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The Gangs of New York: An Informal History of the Underworld (1928)

by Herbert Asbury

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1,5391611,782 (3.32)39
A New York Times Bestseller Looking at the lurid side of organized crime from the 1800's to Prohibition, this is a tour through a now unrecognizable city of abysmal poverty and habitual violence. Asbury presents the definitive work on this subject, an illumination of the gangs of old New York that ultimately gave rise to the modern Mafia.… (more)
  1. 00
    The Gangs of Los Angeles by William Dunn (Hedgepeth)
  2. 01
    The Great Riots of New York: 1712-1873 by Joel Tyler Headley (baobab)
    baobab: The gangs of New York had a hand in most of the riots that Headley describes. In fact, Headley's book covers much of the same material as the first half of Asbury's book, the major difference being that Headley was writing a generation earlier.
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English (15)  Swedish (1)  All languages (16)
Showing 1-5 of 15 (next | show all)
Really needs an overall narrative or sociological argument/insight to tie everything together. As it is, a series of repetitive anecdotes with very few having the sort of interesting detail to make them stand out. ( )
  audient_void | Jan 6, 2024 |
I love to read about the squalid splendor of old New York, of the Five Points, the Bowery, of its sexology and night life. Alas and alack, those topics left their cards but didn't stay in this account of gangland during a century ending about 1925. Concentrations here include street fighting, assassins, and turf wars, topics which are tangential at best to my reading interests. Further descent came from a chapter mostly devoted to the tools and techniques one might need to enter a bank vault and two longish chapters narrating the 1863 draft riots, an event which the author admits has almost no nexus with the gangs, save that many of the participants were members of gangs. The author occasionally deploys a tongue-in-cheek whimsy to good effect, but overall his style is competent but plodding. ( )
  Big_Bang_Gorilla | Apr 28, 2023 |
A very cool history of the Five Points area of old New York City. Reekingly communal, desperately poor, nasty, brutish and short. ( )
  FinallyJones | Nov 17, 2021 |
A raucous history of the early 19th century underbelly of New York City, replete with accounts of brutal gang warfare and Boss Tweed-era Tammany Hall political machination. Dime-novel storytelling, not actual history. A mostly riveting, edge-of-your-seat account of lowlife Americana: lots of whisky, fisticuffs, brick-throwing, and bullets from the corrupt NYPD. ( )
  wyclif | Sep 22, 2021 |
When reading a book written some time ago, it's important to remember that standards and tastes may have been different back then. Such is the case here. It's entirely possible (in this case, likely) that this book was considered eminently readable when it was published in 1927, but today's readers might find it somewhat more difficult.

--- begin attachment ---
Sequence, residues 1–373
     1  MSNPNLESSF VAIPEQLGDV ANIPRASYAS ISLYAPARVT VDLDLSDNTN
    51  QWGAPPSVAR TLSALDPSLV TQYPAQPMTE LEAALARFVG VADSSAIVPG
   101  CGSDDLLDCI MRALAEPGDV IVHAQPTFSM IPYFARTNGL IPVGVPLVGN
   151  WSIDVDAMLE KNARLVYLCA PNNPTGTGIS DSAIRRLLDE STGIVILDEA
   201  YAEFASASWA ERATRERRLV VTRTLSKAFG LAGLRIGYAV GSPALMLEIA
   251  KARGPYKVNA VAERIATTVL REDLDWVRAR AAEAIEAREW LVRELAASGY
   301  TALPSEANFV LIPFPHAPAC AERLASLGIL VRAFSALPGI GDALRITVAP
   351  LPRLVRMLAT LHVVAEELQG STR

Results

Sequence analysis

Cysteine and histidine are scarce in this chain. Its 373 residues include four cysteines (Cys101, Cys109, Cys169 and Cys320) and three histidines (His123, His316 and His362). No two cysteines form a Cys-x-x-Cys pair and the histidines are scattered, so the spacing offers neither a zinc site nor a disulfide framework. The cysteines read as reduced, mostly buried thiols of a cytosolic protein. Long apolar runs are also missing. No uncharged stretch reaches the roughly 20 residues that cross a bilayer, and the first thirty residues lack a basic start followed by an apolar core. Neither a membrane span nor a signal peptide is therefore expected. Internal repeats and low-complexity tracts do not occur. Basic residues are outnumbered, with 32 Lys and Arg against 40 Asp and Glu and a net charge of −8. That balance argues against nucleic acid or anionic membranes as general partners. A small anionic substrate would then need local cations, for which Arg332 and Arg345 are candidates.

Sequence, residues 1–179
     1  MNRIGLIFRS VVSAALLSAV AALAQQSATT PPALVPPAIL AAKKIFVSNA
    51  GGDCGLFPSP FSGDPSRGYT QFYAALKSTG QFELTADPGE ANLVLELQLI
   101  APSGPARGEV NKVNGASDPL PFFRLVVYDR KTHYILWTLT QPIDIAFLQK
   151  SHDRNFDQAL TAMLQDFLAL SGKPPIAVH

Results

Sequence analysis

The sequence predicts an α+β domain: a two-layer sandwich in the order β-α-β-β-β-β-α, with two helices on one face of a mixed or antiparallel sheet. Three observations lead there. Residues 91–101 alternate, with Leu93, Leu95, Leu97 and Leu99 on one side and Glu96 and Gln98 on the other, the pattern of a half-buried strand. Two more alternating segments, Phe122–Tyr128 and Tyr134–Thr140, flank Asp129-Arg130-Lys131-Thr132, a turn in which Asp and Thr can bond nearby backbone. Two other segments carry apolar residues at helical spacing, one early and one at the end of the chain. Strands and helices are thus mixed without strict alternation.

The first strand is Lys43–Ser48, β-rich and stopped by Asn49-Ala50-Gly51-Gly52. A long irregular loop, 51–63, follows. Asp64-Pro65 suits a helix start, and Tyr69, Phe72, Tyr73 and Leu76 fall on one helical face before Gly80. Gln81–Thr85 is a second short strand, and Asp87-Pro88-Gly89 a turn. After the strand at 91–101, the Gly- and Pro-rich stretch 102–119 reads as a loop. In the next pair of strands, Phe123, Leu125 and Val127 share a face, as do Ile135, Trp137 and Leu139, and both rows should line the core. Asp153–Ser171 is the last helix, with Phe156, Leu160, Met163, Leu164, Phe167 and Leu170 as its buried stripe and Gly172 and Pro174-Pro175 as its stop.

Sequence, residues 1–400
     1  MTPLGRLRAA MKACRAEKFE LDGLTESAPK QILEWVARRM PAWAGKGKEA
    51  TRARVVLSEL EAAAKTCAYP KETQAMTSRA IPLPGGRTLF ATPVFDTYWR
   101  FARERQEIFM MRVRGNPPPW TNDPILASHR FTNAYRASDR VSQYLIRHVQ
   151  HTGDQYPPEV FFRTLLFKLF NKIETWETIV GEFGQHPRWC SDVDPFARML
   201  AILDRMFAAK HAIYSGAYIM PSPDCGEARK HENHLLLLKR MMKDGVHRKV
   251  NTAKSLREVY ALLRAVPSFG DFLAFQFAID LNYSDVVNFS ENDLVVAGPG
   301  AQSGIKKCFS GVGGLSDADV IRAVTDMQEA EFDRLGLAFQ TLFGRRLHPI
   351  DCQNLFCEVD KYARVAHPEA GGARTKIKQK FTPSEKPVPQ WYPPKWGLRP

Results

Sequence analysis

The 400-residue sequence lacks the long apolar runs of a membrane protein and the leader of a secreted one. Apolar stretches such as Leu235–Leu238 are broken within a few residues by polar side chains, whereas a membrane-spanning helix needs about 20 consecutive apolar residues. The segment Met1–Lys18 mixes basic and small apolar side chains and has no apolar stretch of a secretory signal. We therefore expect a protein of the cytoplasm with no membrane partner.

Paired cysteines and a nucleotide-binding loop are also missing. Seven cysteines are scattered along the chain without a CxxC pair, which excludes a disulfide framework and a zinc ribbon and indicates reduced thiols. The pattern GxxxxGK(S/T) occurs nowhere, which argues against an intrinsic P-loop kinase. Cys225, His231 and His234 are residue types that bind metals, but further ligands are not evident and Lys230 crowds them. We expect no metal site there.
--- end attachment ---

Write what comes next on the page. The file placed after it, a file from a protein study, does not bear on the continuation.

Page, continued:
Asbury presents us with a dizzying array of names of people (real names, pseudonyms, and nicknames) and places (modern and historical), barely pausing for breath, let alone meaningful distinction among them (I lost count of the number of gangsters described as "huge"). A map would have been nice, and a cast of characters even better.

Anecdotes are piled one on top of another, with little or no explanation as to why any of them are important or how any of them are connected. And each one is more sensationalistic than the last, making me wonder where Asbury got his information from. A bibliography is appended at the end of the book, but it's impossible to tell which stories he got from which sources (and, indeed, which came from "personal interviews" with criminals and police officers). So, as hard a time as I had just wading through the mass of details, I almost had an even harder time believing them. ( )
  mzonderm | May 8, 2011 |
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This book is not a sociological treatise, makes no pretense of offering solutions for the social, economic and criminological problems presente by the gangs.
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(Click to show. Warning: May contain spoilers.)
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Wikipedia in English (208)

1876 in organized crime

1880 in organized crime

Ah Hoon

Ah Ken

Al Rooney

Alexander S. Williams

Harry Hill (sportsman)

Harry Lazarus

Harry Vallon

Hell-Cat Maggie

Henry O'Brien (colonel)

Herbert Asbury

Mike Saulter

Monk Eastman

Morello crime family

Mott Street

Neighbors' Sons

New York City Police riot

A New York Times Bestseller Looking at the lurid side of organized crime from the 1800's to Prohibition, this is a tour through a now unrecognizable city of abysmal poverty and habitual violence. Asbury presents the definitive work on this subject, an illumination of the gangs of old New York that ultimately gave rise to the modern Mafia.

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Life in mid-19 century New York was tough, and violence and corruption were rife. Nowhere was tougher or more violent than the Bowery and the Five Points area. Two gangs, the Dead Rabbits and the Native Americans, were locked in a seemingly endless battle for supremacy. Amsterdam Vallon, son of the Rabbits' murdered leader, is seeking vengeance for his father's death at the hands of Bill 'The Butcher', head of the Native Americans who are in cahoots with a deeply corrupt Tammany Hall..."Gangs of New York" has long been a cult book.
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